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Resilience Planning as a Means for Disaster Risk Reduction, Recovery, and Preparedness in the Rockaways: Insights from Hurricane Sandy & COVID-19

Bulut, Tihana

Resilience planning has emerged as a recently popularized phenomenon in the field of urban planning, having the potential to reduce urban disaster risk while also enhancing disaster recovery and preparedness. Current urban planning literatures fail to consider resilience planning as a continuous process which integrates conditions of the pre- and post-disaster landscape. Planners practice resilience through phases, organizing after a disaster to plan and rebuild, largely ignoring the time before the disaster despite its potential for ensuring long-term community resilience. In a context where disasters are becoming more frequent, this time before need be considered when planning for resilience. This study attempts to reframe resilience in the field of urban planning by analyzing how resilience is practiced on the ground at the community level.

This study argues that resilience planning needs to consider dynamics across temporal space by studying the time in between disasters. In New York City, this refers to the near decade separating Hurricane Sandy and COVID-19. This framework is applied and informed by a case study analysis in Rockaway, New York City, a community that has been disproportionately impacted by both Hurricane Sandy and COVID-19. The methods in this study include a series of qualitative semi-structured interviews with city agency representatives and community organizers. Findings conclude that in Rockaway, the practice and implementation of resilience planning within the last decade has contributed to issues of distrust, trauma, and burnout, negatively impacting COVID-19 recovery thus far. These findings emphasize the need for resilience to be practiced continuously as the recontextualization of everyday risk can help reduce community distrust, trauma, and burnout that have emerged as a result of the resilience planning cycle.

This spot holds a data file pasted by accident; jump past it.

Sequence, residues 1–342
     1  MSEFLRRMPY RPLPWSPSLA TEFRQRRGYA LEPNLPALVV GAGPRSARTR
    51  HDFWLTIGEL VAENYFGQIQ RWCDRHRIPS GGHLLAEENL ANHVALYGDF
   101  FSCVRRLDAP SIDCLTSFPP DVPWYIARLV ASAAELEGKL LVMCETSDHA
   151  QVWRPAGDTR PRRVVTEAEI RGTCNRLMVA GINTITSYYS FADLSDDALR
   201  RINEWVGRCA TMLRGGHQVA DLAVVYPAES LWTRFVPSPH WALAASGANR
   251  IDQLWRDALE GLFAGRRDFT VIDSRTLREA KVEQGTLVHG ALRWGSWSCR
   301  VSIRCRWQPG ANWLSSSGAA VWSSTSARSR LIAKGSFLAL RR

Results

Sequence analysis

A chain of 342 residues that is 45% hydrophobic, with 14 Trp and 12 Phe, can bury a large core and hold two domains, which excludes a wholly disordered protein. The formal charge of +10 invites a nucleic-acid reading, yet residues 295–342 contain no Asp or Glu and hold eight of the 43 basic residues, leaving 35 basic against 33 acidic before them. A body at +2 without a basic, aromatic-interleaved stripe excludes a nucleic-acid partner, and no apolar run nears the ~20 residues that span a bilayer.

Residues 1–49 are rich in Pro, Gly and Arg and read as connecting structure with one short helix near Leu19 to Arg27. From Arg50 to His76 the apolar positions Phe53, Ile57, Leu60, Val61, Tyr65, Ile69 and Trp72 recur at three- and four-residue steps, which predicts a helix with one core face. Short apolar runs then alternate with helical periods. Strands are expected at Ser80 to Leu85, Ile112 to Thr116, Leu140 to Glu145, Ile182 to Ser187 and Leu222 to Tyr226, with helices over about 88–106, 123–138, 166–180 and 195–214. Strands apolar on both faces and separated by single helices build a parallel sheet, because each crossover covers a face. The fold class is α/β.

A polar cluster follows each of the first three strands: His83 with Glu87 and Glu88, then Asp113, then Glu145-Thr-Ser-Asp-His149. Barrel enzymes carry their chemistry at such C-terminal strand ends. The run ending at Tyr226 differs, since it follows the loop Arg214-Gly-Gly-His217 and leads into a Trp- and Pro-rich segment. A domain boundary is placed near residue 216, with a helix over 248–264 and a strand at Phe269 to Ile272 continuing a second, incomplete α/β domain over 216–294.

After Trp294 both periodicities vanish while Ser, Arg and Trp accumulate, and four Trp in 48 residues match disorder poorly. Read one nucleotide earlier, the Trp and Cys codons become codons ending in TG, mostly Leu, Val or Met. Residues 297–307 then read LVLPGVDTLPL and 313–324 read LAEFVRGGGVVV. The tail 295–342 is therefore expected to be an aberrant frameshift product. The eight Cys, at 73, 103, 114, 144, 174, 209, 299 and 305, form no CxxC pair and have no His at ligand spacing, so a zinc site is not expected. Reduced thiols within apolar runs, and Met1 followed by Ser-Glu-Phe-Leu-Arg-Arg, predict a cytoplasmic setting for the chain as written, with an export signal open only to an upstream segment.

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More About This Work

Academic Units
Urban Planning
Thesis Advisors
Meisterlin, Leah M.
Degree
M.S., Columbia University
Published Here
July 12, 2021